SHELBYVILLE, Tenn. — Tom Madden, 90, executive director/treasurer of the Tennessee Baptist Convention (TBC) from 1979-89, died July 19 in Shelbyville, Tenn.

A native of Enid, Okla., Madden came to Tennessee in 1951 to serve as pastor of First Baptist Church in Greenbrier after serving as a pastor in both his home state and in Texas. His ministry would continue in Tennessee for the remainder of his life. Even after his retirement as executive director, he remained active in serving various TBC institutions and churches.

Madden left Greenbrier in 1954 to accept the pastorate of First Baptist Church in Tullahoma, where he ministered until 1976 when he joined the staff of the convention as director of convention ministries, serving in that role until being selected as executive director (then executive secretary-treasurer) on Jan. 1, 1979.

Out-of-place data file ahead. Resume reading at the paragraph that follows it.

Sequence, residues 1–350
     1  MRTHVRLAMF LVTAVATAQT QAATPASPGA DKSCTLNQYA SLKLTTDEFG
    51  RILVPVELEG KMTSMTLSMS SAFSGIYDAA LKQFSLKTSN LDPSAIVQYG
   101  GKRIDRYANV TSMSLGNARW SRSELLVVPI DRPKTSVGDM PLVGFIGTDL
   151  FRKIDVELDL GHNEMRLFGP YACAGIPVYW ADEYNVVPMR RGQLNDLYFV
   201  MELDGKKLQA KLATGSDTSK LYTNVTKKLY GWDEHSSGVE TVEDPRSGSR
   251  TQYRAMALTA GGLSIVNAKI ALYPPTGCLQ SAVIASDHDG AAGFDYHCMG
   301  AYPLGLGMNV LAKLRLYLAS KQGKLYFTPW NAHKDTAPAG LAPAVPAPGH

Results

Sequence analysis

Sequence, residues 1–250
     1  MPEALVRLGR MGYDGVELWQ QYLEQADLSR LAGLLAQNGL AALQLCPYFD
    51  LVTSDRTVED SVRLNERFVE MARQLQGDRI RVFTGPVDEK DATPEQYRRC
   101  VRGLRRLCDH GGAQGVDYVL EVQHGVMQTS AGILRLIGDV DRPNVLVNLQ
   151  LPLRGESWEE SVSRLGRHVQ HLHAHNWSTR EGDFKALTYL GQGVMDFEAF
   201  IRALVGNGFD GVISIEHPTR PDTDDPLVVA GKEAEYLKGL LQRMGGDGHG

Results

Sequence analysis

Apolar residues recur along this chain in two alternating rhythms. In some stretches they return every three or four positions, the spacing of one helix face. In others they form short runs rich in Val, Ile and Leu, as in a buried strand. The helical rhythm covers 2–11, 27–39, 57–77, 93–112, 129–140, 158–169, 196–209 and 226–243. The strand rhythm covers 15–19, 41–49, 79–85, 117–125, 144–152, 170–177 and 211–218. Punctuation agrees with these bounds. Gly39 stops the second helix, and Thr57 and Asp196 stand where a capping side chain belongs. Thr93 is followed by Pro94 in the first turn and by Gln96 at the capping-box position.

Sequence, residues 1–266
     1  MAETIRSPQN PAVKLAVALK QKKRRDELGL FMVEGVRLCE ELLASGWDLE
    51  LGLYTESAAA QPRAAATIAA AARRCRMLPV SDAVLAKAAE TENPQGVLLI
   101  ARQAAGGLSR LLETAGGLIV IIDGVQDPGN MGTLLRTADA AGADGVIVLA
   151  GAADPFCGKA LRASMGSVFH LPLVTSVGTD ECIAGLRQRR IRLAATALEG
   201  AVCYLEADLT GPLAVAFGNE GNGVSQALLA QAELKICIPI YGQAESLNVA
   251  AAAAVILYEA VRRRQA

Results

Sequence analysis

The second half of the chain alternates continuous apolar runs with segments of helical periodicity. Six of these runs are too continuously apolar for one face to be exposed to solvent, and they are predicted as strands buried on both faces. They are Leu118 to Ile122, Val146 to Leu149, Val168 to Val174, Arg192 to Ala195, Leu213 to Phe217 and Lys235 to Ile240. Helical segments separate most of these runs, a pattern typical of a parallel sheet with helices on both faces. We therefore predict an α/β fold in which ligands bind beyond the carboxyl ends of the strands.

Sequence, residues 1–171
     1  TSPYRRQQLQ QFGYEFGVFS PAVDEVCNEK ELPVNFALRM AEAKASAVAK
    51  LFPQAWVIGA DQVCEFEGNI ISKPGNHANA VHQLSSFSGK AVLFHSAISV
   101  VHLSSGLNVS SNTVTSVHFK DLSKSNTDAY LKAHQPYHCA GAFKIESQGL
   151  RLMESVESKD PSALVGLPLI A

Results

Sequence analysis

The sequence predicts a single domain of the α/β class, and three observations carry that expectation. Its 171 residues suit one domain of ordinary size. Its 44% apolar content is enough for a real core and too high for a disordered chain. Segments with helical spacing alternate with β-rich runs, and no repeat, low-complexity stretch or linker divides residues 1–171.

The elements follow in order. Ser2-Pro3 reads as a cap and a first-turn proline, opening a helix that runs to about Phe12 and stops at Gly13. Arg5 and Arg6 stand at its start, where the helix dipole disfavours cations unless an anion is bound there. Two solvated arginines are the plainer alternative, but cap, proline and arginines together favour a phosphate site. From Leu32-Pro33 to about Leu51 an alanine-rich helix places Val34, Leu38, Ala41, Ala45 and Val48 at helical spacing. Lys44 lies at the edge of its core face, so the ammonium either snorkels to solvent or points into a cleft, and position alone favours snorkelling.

As a Tennessee pastor, Madden was president of the state convention in 1969 and served on the state convention’s executive board from 1958-64 and 1970-76.

At the Southern Baptist Convention (SBC) level, Madden served on the SBC Executive Committee from 1966-74 and was a director of the former SBC Education Commission. A strong supporter of Christian higher education, Madden had earned degrees from Oklahoma Baptist University in Shawnee and Southwestern Baptist Theological Seminary in Fort Worth, Texas.

Current TBC Executive Director James Porch followed Madden as pastor of First Baptist in Tullahoma and, later, to the state convention.

“For over 30 years, he allowed me to walk in his footsteps, but upon his insistence, never in his shadow,” Porch said. “His desire prevailed; I have been my own person throughout our friendship. We shared a connection — a reciprocal human effort to travel through an extended season, blending our ministries. We prayed together, laughed at each other, cried with each other, disagreed face to face and always moved on.”